ACLU Says Inmates in Georgia Jail Deprived Of Water For Days, Call For Investigation

A Georgia jail is accused of depriving inmates of water to drink and for showers for days, prompting the American Civil Liberties Union (ACLU) to demand an investigation into the allegations.

According to the ACLU, the Cobb County Adult Detention Center turned the water off for days in one of the jail's residential areas after the facility's water filters were improperly cleaned with gasoline.

In a statement, Cobb County Sheriff Neil Warren confirmed that the jail had performed maintenance work to replace a valve in the building's water system on Friday, January 17.

"On Saturday an inmate reported to deputies that the water in a single housing area had a slight odor," the release said.

After being notified, facility staff determined that "some lubrication fluid used to replace the valve had not been completely wiped down" in the cell block, the statement continued. Warren's statement added that the 25 inmates housed in that cell block were relocated while the system was cleaned and that analysis of the water in that area of the jail with be conducted on Tuesday.

However, the ACLU says that the inmates were not immediately moved to another facility and that it took repeated phone calls from their family members to convince the sheriff's office to do so. The allegations also state that while the men remained in the cell block with contaminated pipes that there was no access to running water for drinking or bathing.

"In addition to a full investigation into the water contamination at the Cobb County Detention Center, we demand the Sheriff's Office conduct appropriate comprehensive medical exams of each person who may have been affected to determine what health impact may have occurred from consuming the toxins in the water," ACLU of Georgia political director Christopher Bruce said in a press release.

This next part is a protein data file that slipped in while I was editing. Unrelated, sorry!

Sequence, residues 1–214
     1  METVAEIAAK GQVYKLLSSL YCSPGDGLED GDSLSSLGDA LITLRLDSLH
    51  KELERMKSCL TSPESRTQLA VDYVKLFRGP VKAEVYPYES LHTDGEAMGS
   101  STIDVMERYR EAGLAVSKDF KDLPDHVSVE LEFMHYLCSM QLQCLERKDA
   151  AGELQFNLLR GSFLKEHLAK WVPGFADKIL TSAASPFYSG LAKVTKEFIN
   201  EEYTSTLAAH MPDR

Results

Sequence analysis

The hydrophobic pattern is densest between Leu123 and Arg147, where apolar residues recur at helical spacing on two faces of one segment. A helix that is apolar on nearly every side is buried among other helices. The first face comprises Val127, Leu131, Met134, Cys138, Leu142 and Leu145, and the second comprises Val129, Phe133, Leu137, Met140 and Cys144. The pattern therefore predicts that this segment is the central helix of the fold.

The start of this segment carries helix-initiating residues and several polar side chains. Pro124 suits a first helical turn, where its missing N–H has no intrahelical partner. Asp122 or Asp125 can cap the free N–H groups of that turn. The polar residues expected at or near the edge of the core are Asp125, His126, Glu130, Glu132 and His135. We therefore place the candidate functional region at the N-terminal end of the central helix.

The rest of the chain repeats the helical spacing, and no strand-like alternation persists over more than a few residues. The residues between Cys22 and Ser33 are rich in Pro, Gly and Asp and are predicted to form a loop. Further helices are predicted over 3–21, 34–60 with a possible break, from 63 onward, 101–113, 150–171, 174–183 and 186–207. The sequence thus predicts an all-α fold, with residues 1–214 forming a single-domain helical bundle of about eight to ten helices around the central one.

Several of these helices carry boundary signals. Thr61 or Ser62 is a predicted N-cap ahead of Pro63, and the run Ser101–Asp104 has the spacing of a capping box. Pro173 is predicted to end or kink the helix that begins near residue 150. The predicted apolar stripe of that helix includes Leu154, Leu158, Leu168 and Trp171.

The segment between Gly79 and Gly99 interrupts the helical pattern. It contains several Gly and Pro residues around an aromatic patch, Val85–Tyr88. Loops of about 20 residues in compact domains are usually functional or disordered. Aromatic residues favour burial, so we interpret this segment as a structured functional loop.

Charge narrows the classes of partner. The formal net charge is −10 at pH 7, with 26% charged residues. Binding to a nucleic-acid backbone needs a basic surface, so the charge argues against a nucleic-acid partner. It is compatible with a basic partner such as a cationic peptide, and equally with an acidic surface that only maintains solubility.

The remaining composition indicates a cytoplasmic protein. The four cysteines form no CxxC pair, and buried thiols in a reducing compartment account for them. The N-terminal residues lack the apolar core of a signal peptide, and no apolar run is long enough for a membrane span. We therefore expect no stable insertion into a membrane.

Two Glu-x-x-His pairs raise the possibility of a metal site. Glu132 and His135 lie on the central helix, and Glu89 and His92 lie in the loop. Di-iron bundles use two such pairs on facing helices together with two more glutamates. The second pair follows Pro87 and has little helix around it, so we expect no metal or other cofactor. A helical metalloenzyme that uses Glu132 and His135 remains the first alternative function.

However, Warren disputed the ACLU's accusations in his own statement, saying, "Once again the ACLU is spinning a narrative of crisis and conflict when in fact a minor plumbing issue was repaired, inmates were moved as a precaution and additional validation of water quality is being sought."

"Our staff does a tremendous job every day and having the ACLU trying to cause unwarranted alarm within our community and inmates does more harm than good," Warren continued.

The Cobb County Adult Detention Center has been under scrutiny from activist groups since 2019, when seven inmate deaths were reported at the jail.

One of the deceased, Bradley Emory, was reported to have committed suicide the day before he was to be bonded out of prison.

"I need the truth out of Cobb County jail, they need to quit hiding under the veil of open investigation," said James Emory, Bradley Emory's brother, to WAGA-TV, during an October protest over the jail's conditions.

The ACLU subsequently accused the jail in November of keeping inmates on lockdown for months in "solitary confinement-like conditions" and denying them access to basic hygiene products, medical care, visitation and phone call rights.

The Georgia branch of the ACLU sent an open records request on November 19 to the prison in pursuit of more information on the situation. They also want every 2019 inmate death to be accounted for and a plan to be implemented which will ensure inmate health and safety, as well as an addition of a citizen review board, according to WAGA.

Prison, Handcuffs
The ACLU has again accused a Georgia prison of mistreating inmates when a mistake made during a shower filter cleaning required an evacuation of a cell block Friday. Rawf8/Getty

"As noted by the U.S. Supreme Court, 'prison walls do not form a barrier separating prison inmates from the protections of the Constitution.' The Cobb County Sheriff's Office must provide meaningful transparency and rectify any unconstitutional or unlawful conditions in this situation," ACLU of Georgia staff attorney Kosha Tucker said in the November press release.